A Michigan proposal that would end the state’s mandate that all motorists buy policies that include uncapped personal injury protection (PIP) coverage would be a step in the right direction for the state, according to Eli Lehrer, vice president of Washington, DC operations for The Heartland Institute and national director of its Center on Finance, Insurance, and Real Estate.
“The current Michigan insurance system is unaffordable for a sizeable fraction of the state’s drivers,” Lehrer said. “Auto insurance costs more than a house in some areas of the state. It’s a major barrier to economic development.”
Unlike any other state, Michigan requires all drivers to purchase an insurance policy that provides limitless “no fault” (that is, paid by one’s own insurance company rather than that of the “at fault” individual) medical benefits for all accidents.
The resulting policies are the most comprehensive in the world but are unaffordable in areas of the state such as Detroit, where policies cost more than $5,000 a year.
State Rep. Peter Lund (R) has introduced H.B. 4936, which would change the system by offering a variety of medical benefit tiers ranging from $250,000 to $3 million.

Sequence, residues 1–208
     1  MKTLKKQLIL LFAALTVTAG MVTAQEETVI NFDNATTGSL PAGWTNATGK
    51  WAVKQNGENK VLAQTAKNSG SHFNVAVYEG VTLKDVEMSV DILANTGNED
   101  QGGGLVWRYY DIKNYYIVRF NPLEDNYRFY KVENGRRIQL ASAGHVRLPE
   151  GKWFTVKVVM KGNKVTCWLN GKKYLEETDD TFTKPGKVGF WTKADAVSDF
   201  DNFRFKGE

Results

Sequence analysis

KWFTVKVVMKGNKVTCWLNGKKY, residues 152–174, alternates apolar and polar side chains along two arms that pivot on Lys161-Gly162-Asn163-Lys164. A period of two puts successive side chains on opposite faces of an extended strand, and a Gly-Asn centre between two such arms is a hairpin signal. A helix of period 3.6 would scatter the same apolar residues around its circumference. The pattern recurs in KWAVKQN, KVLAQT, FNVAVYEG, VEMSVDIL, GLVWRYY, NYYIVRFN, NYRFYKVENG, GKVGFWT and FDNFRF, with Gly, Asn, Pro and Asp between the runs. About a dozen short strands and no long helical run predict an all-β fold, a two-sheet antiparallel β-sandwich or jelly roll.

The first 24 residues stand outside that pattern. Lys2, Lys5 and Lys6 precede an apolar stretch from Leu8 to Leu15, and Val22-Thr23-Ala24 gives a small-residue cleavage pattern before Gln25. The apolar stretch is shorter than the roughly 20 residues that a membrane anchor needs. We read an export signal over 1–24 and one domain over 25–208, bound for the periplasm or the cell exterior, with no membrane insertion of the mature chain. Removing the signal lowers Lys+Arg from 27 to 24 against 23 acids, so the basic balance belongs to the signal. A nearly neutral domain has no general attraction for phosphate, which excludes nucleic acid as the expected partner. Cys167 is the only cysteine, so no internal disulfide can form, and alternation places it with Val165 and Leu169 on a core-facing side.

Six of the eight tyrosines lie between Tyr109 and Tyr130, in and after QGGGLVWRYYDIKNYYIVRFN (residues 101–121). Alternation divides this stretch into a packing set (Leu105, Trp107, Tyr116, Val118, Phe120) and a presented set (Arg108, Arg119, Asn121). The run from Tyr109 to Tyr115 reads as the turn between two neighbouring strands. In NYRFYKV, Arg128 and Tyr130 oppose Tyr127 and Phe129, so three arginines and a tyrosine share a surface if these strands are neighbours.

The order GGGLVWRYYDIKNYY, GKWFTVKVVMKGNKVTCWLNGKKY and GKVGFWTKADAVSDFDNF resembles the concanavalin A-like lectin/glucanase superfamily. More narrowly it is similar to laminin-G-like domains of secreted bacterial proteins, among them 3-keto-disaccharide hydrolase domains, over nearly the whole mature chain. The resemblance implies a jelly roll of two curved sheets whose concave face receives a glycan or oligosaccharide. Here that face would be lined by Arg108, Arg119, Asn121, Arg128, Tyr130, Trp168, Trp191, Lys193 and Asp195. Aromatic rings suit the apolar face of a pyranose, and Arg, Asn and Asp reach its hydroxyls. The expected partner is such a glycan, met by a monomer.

Lehrer says the legislature should go even further. “Michigan’s pure ‘no fault’ system keeps most auto cases out of court, and that makes a lot of sense. It would make even more sense to take it to its next logical step and make automobile insurance optional altogether for people who have health insurance.”
Lehrer is the author of “Michigan Auto Insurance Reform: The Case for Choice and Consumer Power” (2010), a policy paper that makes proposals similar to those advanced in Lund’s bill.
He can be reached at 202/615-0586.
The Heartland Institute is a 27-year-old national nonprofit organization with offices in Chicago, Illinois; Washington, DC; Austin, Texas; Tallahassee, Florida; and Columbus, Ohio. Its mission is to discover, develop, and promote free-market solutions to social and economic problems. For more information, visit our Web site or call 312/377-4000.